From the moment Jen found out she was pregnant she was in love. It was this love that helped sustain her though what could easily be called the most challenging time in her life.
Jen and her husband Patrick found out early on in the pregnancy that their son Dylan would have many challenges. Jen’s response was, “even if I only had minutes or days, I would be carrying my baby as long as he’d let me. He deserved that much.”
That attitude of persistence continued through her pregnancy until at 36 weeks she was taken in for an emergency c-section. On August 14th, 2011 Dylan was born. He let out two cries to let his parents know of his arrival and was rushed to the NICU at Wisconsin Children’s Hospital.
Dylan was born with a clift lip and palette, an omphalocele and eyes that were not fully formed and did not function. There is no diagnosis for Dylan's condition, so doctors have labeled it only as 'Dylan Syndrome'. With all of these challenges, Jen says, “Dylan knew love, and that's all he knew. And it poured out of him to you.”
All throughout Dylan’s short life, Jen did her best to provide the best for him. The best attitude, never was there any sorrow or anger in Dylan’s NICU room and of course Jen provided him the best nutrition; her breast milk.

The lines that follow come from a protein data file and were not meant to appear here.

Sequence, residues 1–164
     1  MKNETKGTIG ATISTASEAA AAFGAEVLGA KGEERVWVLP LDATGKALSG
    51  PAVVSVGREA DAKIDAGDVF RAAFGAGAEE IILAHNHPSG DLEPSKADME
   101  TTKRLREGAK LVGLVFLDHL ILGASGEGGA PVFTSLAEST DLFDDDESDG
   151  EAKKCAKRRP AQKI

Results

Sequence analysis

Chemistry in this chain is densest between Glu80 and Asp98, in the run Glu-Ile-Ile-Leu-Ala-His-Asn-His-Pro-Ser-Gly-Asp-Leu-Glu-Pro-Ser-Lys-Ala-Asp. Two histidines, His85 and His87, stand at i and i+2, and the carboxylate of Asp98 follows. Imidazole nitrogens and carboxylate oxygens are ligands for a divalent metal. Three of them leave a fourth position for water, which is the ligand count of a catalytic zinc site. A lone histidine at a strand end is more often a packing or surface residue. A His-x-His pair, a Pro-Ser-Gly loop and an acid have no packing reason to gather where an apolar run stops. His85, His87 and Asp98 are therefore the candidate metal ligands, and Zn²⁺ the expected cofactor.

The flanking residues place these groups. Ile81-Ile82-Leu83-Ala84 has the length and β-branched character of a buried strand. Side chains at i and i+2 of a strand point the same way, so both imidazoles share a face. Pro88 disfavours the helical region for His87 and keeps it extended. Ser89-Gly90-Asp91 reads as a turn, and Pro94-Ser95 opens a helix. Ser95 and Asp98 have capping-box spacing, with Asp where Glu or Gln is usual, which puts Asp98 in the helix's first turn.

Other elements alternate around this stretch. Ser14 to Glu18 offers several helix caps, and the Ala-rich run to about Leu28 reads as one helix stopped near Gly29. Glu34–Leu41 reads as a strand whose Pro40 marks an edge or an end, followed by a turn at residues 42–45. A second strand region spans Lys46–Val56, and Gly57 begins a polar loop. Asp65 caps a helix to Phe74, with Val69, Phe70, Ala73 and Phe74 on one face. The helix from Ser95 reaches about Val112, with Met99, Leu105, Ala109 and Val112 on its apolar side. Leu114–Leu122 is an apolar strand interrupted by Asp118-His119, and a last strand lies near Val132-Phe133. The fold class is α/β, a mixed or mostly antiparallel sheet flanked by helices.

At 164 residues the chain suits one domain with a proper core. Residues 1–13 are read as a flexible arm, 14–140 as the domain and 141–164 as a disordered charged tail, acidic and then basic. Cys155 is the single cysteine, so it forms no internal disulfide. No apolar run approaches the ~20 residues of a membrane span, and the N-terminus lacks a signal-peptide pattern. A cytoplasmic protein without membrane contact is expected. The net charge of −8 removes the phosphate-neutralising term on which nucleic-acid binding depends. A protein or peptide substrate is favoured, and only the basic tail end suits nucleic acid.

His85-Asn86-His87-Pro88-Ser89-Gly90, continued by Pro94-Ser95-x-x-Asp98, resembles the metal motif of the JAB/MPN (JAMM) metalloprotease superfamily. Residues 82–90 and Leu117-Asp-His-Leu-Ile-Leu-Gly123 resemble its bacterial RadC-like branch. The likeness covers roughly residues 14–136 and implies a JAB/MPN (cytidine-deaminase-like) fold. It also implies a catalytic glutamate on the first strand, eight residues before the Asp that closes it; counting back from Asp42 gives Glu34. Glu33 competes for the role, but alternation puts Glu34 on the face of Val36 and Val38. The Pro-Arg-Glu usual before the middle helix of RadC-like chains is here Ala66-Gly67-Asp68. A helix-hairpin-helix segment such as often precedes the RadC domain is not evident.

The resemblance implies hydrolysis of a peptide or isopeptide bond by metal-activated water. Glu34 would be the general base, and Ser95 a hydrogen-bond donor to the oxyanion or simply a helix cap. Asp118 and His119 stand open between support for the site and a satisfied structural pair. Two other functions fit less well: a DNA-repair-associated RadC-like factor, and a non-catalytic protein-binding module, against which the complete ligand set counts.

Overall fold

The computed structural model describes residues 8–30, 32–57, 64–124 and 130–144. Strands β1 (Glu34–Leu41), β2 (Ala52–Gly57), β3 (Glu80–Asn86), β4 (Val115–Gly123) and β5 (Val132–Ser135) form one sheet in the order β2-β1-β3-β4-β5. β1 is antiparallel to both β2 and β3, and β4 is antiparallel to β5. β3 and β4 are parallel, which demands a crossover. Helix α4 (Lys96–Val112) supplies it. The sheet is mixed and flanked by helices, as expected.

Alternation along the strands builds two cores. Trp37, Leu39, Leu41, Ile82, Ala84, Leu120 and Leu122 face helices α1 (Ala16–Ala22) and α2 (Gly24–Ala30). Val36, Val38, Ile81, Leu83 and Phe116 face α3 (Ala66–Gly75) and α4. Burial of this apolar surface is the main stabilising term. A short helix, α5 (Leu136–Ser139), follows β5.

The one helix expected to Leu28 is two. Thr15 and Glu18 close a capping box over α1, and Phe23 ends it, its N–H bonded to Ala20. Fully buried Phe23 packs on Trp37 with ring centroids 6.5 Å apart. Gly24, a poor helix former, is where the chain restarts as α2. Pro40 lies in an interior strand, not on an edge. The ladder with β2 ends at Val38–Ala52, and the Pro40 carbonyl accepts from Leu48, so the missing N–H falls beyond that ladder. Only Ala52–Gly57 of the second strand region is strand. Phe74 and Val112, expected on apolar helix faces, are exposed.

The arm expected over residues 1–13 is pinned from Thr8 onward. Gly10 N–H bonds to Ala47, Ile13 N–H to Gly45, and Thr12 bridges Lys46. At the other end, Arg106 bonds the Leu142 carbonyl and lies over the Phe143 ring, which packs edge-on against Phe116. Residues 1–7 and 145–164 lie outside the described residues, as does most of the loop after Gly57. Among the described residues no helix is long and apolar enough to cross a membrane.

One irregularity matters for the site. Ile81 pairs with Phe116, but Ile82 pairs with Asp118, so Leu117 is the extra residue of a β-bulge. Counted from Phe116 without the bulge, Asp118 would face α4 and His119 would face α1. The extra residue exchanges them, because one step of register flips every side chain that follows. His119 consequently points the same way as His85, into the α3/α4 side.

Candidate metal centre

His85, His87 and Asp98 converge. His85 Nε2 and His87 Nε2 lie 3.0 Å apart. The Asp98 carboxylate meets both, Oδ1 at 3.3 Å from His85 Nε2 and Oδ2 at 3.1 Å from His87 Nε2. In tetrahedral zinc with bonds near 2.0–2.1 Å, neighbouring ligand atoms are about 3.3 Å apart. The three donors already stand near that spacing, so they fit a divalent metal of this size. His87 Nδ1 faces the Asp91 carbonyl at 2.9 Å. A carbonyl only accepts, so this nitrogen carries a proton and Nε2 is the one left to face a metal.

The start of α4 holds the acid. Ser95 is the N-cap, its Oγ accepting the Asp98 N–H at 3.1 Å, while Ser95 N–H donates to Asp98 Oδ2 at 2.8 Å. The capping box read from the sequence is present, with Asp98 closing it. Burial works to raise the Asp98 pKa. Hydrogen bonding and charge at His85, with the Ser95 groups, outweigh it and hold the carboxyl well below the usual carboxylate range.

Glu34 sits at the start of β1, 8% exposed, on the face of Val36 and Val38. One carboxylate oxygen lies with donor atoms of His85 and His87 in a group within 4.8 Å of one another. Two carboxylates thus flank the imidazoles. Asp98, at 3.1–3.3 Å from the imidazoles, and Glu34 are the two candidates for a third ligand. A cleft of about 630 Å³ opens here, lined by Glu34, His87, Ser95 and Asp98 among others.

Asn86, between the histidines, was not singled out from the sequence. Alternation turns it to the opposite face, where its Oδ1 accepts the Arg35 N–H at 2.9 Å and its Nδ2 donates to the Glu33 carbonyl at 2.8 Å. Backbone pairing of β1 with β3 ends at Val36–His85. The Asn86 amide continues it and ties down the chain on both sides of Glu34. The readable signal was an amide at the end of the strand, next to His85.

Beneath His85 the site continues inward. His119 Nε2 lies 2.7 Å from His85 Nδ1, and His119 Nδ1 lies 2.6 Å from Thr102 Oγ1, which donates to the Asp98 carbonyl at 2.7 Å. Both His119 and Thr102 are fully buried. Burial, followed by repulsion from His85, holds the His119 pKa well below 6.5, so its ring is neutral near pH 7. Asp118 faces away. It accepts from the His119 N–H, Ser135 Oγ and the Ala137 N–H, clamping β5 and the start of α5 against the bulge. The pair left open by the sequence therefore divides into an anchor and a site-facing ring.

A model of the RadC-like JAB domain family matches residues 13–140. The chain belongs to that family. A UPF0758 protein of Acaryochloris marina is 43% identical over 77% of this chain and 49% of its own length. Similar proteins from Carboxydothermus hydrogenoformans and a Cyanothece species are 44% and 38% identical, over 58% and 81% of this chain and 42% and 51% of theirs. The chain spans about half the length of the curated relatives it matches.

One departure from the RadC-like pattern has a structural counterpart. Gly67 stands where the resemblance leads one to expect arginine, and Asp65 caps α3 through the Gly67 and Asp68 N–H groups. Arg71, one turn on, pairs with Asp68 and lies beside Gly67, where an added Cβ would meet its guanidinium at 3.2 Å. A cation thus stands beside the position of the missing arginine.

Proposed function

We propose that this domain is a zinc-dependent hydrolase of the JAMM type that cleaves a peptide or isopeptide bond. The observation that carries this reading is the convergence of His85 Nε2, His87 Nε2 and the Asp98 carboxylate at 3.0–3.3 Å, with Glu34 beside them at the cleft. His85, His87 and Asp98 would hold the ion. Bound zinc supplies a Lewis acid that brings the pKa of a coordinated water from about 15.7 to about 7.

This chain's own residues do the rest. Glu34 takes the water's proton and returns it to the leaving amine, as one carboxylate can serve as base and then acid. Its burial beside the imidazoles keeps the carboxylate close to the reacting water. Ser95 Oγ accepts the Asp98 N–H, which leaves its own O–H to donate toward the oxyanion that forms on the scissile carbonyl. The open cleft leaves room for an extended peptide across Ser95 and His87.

After Dylan’s passing a nurse at Wisconsin Children’s Hospital reach out to the Indiana Mothers’ Milk Bank about the possibility of donating Jen and Dylan’s excess milk. IMMB has received 2,444 ounces from Jen and Dylan.
“Donating my milk was just the right thing to do. If I can help one baby, I feel like I did something special. And in all honesty, it's really Dylan helping those other babies. He was a very special baby and I am reminded of that daily“, Jen said of her reasons for donating.
Jen and Patrick started a team for March of Dimes named Devoted to Dylan. Currently they are the number one team in Wisconsin and one of the top 10 in the United States. They have raised $20,000 for the March of Dimes. Their goal was $750. “If that doesn't tell you how special Dylan was and is, I don't know what will.”
We here at IMMB are so touched by stories like these. If you have a story you would like to share with us, please email us at firstname.lastname@example.org.